Neither snow, nor rain, nor heat, nor gloom of night stays these couriers from the swift completion of their appointed rounds. - New York City Post Office.
Rain. Snow. Gloom of night. Northern Utah had all of that and more Tuesday. But like the letter carriers celebrated in the above inscription, that didn't keep this year's "Salute to Youth" soloists from their appointed sounds. Which is to say they also delivered.That's nothing new. For 31 years now the Deseret News and the Utah Symphony have been supplying the money, the hall and the orchestra, but it's the youths who supply the talent.
Take pianist Zhang Qing, now a student at the University of Utah. At 22, he is still slight of build, but I found myself forgetting that fact as he applied himself to the opening movement of Chopin's Piano Concerto in F minor. Perhaps this, too, was a bit swiftly completed. But for all his glibness at the keyboard, one sensed as well a strong poetic impulse, not to mention power in reserve.
Nor was power lacking in Utah State University senior Bill Stanley's account of the first movement of the Prokofiev Second Piano Concerto. Strongly shaped throughout, this was a performance that would have passed muster in any concert hall in the world, from its darkly lyrical softer sections to its smoldering climaxes. "That was fabulous!" someone near me exclaimed as the embers died down amid the applause, and I would have to agree.
I would also have to agree with the ovation that followed 13-year-old Janae Codner's rendition of the finale of Moszkowski's Piano Concerto in E major. Nowhere here will you find the vitamins or substance of either Prokofiev or Chopin, but the sparks delight while they fly, and fly they did under the Provo teen's nimble fingers.
Nimble is also a word that could be applied to 17-year-old Benjamin Henderson's performance of the first movement of the Dragonetti Double Bass Concerto in A major. Not only did the Clearfield High student range up and down the staff, tossing off the rapid figurations with remarkable aplomb - he also did it without once making his unwieldy-looking instrument sound like a cello.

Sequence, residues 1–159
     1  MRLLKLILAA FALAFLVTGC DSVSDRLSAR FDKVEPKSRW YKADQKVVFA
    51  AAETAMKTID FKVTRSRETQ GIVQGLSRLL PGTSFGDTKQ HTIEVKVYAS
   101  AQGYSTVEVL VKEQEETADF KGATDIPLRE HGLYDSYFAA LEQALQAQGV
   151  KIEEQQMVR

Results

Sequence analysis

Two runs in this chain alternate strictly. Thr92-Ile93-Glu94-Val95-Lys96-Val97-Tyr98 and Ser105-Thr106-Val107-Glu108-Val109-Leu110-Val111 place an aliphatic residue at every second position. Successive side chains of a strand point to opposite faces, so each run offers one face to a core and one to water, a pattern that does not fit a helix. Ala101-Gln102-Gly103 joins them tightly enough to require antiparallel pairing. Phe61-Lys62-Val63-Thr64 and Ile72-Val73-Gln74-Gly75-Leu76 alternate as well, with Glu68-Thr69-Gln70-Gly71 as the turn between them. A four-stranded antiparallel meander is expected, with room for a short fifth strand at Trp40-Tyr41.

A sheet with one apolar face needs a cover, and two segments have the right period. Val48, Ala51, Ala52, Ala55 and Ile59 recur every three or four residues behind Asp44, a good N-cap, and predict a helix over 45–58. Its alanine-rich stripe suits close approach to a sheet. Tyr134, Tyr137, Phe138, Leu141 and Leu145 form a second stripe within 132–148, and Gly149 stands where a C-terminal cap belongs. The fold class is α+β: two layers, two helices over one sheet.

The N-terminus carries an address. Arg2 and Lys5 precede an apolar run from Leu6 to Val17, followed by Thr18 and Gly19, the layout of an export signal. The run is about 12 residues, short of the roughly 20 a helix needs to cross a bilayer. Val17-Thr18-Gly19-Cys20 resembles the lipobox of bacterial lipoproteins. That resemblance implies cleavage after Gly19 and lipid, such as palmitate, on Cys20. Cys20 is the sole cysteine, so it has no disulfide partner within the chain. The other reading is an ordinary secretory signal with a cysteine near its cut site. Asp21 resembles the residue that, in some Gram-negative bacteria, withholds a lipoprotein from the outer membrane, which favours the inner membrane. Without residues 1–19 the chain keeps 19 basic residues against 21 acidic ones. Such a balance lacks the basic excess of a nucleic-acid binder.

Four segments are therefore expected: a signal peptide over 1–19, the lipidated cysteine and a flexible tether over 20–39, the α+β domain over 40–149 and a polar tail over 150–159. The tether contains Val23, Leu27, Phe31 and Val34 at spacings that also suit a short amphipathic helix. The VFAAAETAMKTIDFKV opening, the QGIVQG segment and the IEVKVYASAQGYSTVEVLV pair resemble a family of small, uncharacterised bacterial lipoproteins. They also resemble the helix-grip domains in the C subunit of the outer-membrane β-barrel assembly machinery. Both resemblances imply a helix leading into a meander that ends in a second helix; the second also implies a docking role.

Some of the credit for that goes to conductor Joseph Silverstein, who via careful balancing (and a reduced orchestra) always let the double bass shine through. Likewise his treatment of the unconventional scoring of Hindemith's "Der Schwanendreher" - winds and a small number of cellos and basses - which similarly highlighted 18-year-old Leticia Oaks' perky viola playing, its semi-acrid flavor being pretty much in accord with the music.
But it wasn't just pianos and low strings on this Symphony Hall concert.
There was also a clarinet, in the form of 16-year-old Michelle Watabe's vividly percolated account of the virtuosic opening movement of Weber's Clarinet Concerto No. 2. Likewise a violin, here 15-year-old Rosalie Lund's incisively energetic view of the finale of the Bruch G minor Concerto. And even the human voice, via Salt Lake soprano Susan Huff's performance of the concert aria "Mia Speranza Adorata!" by Mozart.
Written for his sister-in-law, Aloysia Lange, this dramatic song of farewell would test any coloratura. But for the most part Huff met its challenges with fortitude, underlining not only the hard-to-reach upper notes but some of the more striking transitions with vigor and determination.
Which added a little heat to the evening. And a little less gloom to the night.